Difficult

Reality sometimes holds you by the scruff of your neck, and removes the scales from your eyes. Primarily, human beings are meant to share some of their emotions so that they are able to fulfill their collective aspirations. It is no rigorous exercise, but is based on something as basic as trust in a fellow creature. As maturity further obscures the definition of love, reality begins to lose the thin film of haziness that shrouded it.

It is when concepts get clearer that life gets more difficult.

Book Review : An Excursion of Insight : Harsh Agarwal

An Excursion of Insight is a bold book. No one these days writes about an Engineering college, unless it is in one of the metros. The story is based on the backdrop of an Engineering college in Assam,  where students from all around the country as well as few international students study.

Quite a rare place, you may say, but definitely not unrealistic. The main story proceeds on the life of a few Engineering students, and the various encounters they face during their collective stay. The perceived love between a simple-thinking Bhutanese guy and a rich girl from India has been depicted, in a rather immature manner. However, this immaturity is not only acceptable, but also beautiful.

As someone who has stayed in surroundings of that sort, I found the book quite absorbing in its descriptions. The flavors of Assam and adjoining areas, and the myths surrounding the place is amazingly explored by the young author. The story does enforce a few stereotypes at some places, but these are formed on the basis of the outlook of students in such a situation. There are indications to show that this depiction is extraneous to the author himself.

The biggest achievement of the book is to bring to the fore the conditions of people who are neither the most privileged, nor are they as so unlucky as people in various other parts of the country. It is all about how modernity as well as an ambitious mindset is gripping this class of youth so fast.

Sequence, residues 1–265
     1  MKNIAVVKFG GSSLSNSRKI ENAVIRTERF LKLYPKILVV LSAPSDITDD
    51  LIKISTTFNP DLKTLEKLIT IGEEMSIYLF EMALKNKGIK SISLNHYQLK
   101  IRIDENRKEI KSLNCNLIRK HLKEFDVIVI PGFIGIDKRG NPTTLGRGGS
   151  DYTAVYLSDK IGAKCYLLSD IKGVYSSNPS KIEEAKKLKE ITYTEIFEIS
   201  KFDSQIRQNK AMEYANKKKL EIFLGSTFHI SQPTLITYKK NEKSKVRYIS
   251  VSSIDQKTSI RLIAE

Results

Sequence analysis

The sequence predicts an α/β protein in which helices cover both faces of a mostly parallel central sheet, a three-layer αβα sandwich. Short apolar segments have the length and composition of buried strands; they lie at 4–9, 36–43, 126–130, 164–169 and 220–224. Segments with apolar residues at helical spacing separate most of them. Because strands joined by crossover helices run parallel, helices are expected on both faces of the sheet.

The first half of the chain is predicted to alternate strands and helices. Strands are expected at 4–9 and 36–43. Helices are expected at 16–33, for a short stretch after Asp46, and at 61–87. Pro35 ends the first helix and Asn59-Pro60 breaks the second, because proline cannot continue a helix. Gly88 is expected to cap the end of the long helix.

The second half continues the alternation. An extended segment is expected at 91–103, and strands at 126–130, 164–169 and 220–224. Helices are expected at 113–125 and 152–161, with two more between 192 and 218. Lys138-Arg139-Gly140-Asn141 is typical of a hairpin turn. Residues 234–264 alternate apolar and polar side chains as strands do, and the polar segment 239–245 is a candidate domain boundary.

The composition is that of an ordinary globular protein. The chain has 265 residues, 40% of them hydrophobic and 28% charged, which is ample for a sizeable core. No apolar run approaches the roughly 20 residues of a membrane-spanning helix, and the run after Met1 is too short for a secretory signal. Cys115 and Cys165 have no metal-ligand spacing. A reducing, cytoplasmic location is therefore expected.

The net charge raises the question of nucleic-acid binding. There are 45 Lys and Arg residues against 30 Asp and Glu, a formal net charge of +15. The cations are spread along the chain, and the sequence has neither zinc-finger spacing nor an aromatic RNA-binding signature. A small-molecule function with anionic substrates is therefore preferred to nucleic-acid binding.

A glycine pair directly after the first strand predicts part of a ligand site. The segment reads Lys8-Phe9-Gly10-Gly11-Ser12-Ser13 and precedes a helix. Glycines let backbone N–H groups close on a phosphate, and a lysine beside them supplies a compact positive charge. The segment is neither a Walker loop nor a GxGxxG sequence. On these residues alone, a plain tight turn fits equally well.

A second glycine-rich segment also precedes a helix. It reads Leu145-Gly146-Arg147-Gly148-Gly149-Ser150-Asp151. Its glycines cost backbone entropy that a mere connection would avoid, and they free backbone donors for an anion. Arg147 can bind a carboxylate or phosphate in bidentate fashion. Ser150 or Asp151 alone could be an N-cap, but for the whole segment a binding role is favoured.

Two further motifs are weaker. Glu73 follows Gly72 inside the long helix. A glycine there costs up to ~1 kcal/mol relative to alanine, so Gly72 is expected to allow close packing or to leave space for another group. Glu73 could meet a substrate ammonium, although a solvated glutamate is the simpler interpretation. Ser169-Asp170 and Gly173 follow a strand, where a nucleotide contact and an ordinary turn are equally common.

The cultural differences one faces while coming from different backgrounds is well-depicted. The main story is not as strong as the backdrop, and could have been written with a much stronger overtone. It is true that  certain twists and turns are placed rather awkwardly. In other words, the author could have written a bit more about the obvious too, but he chose to trade this aspect off with brevity. Written very colloquially, it is lucid and has a very good flow. I enjoyed reading it, I definitely think you will do as well.

Book Review: Imperium, by Robert Harris

Prior to this, I had not read any book about ancient Rome-fiction or non fiction. Indeed my knowledge of ancient Rome can be credited mainly to discrete random bits of information. So Imperium (Cicero#1) by Robert Harris was probably the first book, and hence the first fictional novel I have read about Rome. My review of the novel should be therefore viewed in that context.